Thankfully, Orwell did find a publisher in 1945. And as the West moved into the Cold War, Orwell’s criticism of the Soviets became more important. The book went on to sell more than 11 million copies worldwide.
GUINNESS: The whole parable is a wonderful one of what happens when you have woke leadership taking things over. All pigs are equal, some things are more equal than others, and so on.
That’s apologist Os Guinness. He’s written several books on the Biblical roots of American freedom, including The Magna Carta of Humanity from 2021.
GUINNESS: The greatness of Orwell was he was a left winger. And the honesty of the man was he saw the problems on the left, and was prepared to write about them.
For one thing, Orwell shows how communists twist language to support their cause. Originally, Animal Farm’s characters embrace several maxims such as “Four legs good, two legs bad.” But when pigs in charge decide to walk on two legs, they change the maxim to “Four legs good, two legs better.”
Guinness says communist distortion of words and truth leads to violence. He points to China, North Korea, Cuba, and Venezuela to make his point. But Christians, he says, should have a higher view of words.
GUINNESS: Our Lord is the Word made flesh. We as followers of Jesus should have the highest view of words of all. But the point is today, when words break down, then violence is never far away.
We see that clearly in Orwell’s tale. In one scene, Snowball the pig makes a speech to convince the other animals to build a windmill. But Snowball’s rival, Napoleon, seeks power in a different way. Here’s another clip from the audiobook.
CLIP: Just at this moment, Napoleon stood up, and casting a peculiar sidelong look at Snowball, uttered a high-pitched whimper of a kind no one had ever heard him utter before. At this, there was a terrible baying sound outside, and nine enormous dogs wearing brass-studded collars came bounding into the barn. They dashed straight for Snowball who only sprang from his place just in time to escape their snapping jaws.
In his book The Magna Carta of Humanity, Os Guinness explains why communists find violence especially tempting. As idealists, they see a gap between what people are and what they should be. When they can’t bridge that gap using persuasion, communists often turn to “coercion and violence.”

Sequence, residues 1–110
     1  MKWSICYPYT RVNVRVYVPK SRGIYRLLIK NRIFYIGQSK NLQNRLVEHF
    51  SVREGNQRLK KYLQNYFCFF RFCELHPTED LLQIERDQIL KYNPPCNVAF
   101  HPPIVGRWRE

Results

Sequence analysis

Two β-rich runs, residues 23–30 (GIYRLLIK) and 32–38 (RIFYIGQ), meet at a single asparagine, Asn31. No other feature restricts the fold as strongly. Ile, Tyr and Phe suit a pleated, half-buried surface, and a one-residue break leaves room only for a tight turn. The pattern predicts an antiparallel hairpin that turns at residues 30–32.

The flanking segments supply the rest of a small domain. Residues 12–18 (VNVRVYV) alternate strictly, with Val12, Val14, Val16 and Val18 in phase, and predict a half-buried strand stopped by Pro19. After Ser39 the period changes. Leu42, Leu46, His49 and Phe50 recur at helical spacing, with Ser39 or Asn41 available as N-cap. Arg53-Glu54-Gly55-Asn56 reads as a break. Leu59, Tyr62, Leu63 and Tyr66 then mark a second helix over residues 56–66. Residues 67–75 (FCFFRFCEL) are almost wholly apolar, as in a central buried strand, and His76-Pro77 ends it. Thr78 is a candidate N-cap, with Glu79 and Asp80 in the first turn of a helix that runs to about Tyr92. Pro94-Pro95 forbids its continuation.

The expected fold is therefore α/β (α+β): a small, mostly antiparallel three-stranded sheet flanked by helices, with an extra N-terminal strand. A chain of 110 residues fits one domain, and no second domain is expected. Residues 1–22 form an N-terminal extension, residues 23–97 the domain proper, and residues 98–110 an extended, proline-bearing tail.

GUINNESS: If you and I disagree, and I want to persuade you, I try and do it rationally, respectfully. But if I'm frustrated, I'll just attack you ad hominem or be rude to you. Worse still, if I'm a communist leader, I will force you to do what I want.
Christians, of course, see another way of bridging the gap between who we are and who we should be. Ultimately, it’s found in Jesus.
GUINNESS: Christian thinking is obviously always between a radical pessimism, and a radical optimism. Because we know people have fallen. The highest vision of humanity is the vision of people made in the image of God, living with God's truth with God's justice, and all these things, [cut words] But we'll never do that, until the Messiah comes. And that's the greatness of our trust in Messiah.
Orwell doesn’t offer Biblical solutions in his writing, so it helps to read a Christian like Os Guinness alongside him. I should also note–be aware that Orwell’s other classic novel, 1984, covers similar themes, but it includes much more problematic content.
Thankfully, Soviet-style communism isn’t as popular today. But most families will face pressure from new strains of socialism and cultural Marxism. Guinness says Animal Farm can help.
GUINNESS: Now the challenge, of course, is to get our children to start thinking. So Animal Farm points out some of the dangers you see of authoritarianism and the wrong view of equality, and leveling. It doesn't work out that way with envy and other things coming in. But we've got to get them to think Biblically about everything.
Our Classic Book of the Month does include a reference to drunkenness and can be hard to understand for the political novice. For that reason, I recommend the 2019 graphic novel version of Animal Farm for younger readers. It does show some violence, but it’s muted enough for most older kids and teens.